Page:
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Friday, May 6, 2011

May is Melanoma/Skin Cancer Detection & Prevention Month

Since warmer weather is on its way and people will be outside more, I thought I’d post some information on skin cancer. There are links below to more detailed information on the various kinds of skin cancer.

There are three main types of skin cancer that get their names from the types of cells involved: Melanoma, basal cell and squamous cell.

Here are more detailed descriptions from the National Cancer Institute:

Melanoma: Melanoma begins in melanocytes (pigment cells). Most melanocytes are in the skin. See the picture of a melanocyte and other skin cells. Melanoma can occur on any skin surface. In men, it’s often found on the skin on the head, on the neck, or between the shoulders and the hips. In women, it’s often found on the skin on the lower legs or between the shoulders and the hips.Melanoma is rare in people with dark skin. When it does develop in people with dark skin, it’s usually found under the fingernails, under the toenails, on the palms of the hands, or on the soles of the feet.

Basal cell skin cancer: Basal cell skin cancer begins in the basal cell layer of the skin. It usually occurs in places that have been in the sun. For example, the face is the most common place to find basal cell skin cancer.

In people with fair skin, basal cell skin cancer is the most common type of skin cancer.

Squamous cell skin cancer: Squamous cell skin cancer begins in squamous cells. In people with dark skin, squamous cell skin cancer is the most common type of skin cancer, and it’s usually found in places that are not in the sun, such as the legs or feet.However, in people with fair skin, squamous cell skin cancer usually occurs on parts of the skin that have been in the sun, such as the head, face, ears, and neck.


The best way to prevent skin cancer is to protect yourself from the sun’s rays when you are outside. Here are some suggestions:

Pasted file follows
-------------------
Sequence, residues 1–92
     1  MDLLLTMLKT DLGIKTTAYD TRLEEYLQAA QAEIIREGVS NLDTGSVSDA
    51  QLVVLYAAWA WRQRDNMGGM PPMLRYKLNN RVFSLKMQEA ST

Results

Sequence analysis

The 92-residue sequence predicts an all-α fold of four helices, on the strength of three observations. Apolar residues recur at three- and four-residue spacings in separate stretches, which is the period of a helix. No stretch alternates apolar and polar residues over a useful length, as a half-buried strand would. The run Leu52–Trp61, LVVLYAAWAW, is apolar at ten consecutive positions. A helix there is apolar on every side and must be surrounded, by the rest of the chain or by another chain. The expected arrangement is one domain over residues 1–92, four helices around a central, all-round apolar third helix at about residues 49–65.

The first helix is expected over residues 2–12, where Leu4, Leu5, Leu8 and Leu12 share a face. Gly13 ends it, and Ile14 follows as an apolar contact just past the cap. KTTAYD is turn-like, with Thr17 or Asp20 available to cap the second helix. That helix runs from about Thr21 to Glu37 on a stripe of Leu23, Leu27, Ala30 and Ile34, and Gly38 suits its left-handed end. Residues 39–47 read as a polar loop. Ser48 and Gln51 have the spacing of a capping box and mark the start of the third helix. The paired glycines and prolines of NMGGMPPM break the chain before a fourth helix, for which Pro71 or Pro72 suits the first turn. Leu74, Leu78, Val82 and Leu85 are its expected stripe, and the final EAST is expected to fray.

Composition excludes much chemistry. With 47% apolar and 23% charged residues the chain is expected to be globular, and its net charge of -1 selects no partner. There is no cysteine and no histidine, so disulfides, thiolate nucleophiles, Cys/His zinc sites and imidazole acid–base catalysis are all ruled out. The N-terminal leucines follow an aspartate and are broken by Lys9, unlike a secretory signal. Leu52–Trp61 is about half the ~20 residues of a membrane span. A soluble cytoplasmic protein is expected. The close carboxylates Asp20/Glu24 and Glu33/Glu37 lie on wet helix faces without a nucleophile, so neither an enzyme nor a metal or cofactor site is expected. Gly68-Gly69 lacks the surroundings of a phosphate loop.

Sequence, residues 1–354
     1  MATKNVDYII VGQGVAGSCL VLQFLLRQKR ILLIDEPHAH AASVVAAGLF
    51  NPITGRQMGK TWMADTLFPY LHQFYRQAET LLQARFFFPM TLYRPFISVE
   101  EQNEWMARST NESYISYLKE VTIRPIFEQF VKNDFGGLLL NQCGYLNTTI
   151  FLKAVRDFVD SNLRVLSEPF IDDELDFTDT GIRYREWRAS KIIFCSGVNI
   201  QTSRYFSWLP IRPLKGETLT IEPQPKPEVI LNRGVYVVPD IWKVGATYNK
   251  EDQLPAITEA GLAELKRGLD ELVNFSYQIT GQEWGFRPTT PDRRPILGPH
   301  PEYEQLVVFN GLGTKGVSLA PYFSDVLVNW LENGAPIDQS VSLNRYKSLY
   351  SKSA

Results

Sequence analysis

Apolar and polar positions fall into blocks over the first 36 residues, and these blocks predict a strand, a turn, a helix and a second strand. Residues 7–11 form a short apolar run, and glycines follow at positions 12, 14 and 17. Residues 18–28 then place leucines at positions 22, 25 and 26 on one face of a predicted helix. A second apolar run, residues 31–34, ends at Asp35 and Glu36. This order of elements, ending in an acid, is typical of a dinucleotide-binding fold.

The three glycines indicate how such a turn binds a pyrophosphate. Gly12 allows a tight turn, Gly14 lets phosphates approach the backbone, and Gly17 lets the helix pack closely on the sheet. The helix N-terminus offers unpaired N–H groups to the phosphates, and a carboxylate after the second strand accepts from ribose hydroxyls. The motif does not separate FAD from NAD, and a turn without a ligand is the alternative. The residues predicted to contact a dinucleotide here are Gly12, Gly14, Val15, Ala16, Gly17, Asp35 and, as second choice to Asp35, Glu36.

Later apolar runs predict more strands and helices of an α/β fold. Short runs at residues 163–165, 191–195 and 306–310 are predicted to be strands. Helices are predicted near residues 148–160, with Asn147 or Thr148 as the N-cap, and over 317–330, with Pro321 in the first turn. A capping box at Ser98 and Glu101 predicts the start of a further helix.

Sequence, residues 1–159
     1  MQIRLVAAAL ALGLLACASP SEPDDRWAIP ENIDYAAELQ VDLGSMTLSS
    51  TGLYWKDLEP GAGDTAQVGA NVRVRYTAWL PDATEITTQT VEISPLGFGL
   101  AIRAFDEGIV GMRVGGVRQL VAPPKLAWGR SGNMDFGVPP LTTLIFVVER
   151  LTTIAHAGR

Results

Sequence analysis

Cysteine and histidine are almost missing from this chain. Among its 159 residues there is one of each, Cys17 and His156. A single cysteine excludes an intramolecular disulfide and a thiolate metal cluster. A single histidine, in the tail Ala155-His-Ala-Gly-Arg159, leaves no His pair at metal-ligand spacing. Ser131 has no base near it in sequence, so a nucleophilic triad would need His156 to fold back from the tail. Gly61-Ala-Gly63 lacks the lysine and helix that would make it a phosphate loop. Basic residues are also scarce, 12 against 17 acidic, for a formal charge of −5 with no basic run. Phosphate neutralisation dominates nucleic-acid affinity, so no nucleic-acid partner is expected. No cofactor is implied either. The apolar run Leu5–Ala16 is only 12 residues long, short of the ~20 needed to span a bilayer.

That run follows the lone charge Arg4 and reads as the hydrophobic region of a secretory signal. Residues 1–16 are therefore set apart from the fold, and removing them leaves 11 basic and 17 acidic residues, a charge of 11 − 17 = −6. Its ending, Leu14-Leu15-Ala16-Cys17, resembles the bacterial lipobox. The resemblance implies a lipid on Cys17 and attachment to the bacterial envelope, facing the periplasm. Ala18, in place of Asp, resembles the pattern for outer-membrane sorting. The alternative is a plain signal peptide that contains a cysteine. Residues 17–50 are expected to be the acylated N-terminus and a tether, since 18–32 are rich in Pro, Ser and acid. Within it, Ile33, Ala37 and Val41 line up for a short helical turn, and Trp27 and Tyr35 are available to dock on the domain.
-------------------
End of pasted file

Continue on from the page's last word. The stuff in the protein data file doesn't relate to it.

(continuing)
Since the sun’s rays are strongest during the middle part of the day, avoid being outdoors between 10:00 a.m. and 4:00 p.m. If you have to be outside, stay in the shade as much as possible.

Wear protective clothing: long-sleeve shirts and long pants, wide-brimmed hats that go all the way around so they protect your neck as well as your face.

Watch out for reflected rays that bounce off water, sand, snow and ice. The harmful rays can also penetrate windshields and windows in cars.

Apply sunscreen with an SPF of at least 15 a half hour before going outside or after swimming. Reapply it every 2 hours while outside.


You should regularly exam your skin for suspicious moles and other lesions. This can lead to early detection and successful treatment of skin cancer. The American Academy of Dermatology has an excellent description of how to perform skin self-examination. Check out this wonderful resource: Skin Examinations

Here are some other links to more detailed information about the different kinds of skin cancer:

What You Need to Know about Melanoma and Other Skin Cancers (National Cancer Institute)

Anyone Can Get Skin Cancer (National Cancer Institute)

Basic Information about Skin Cancer (Centers for Disease Control and Prevention)

Skin Cancer (American Academy of Dermatology)

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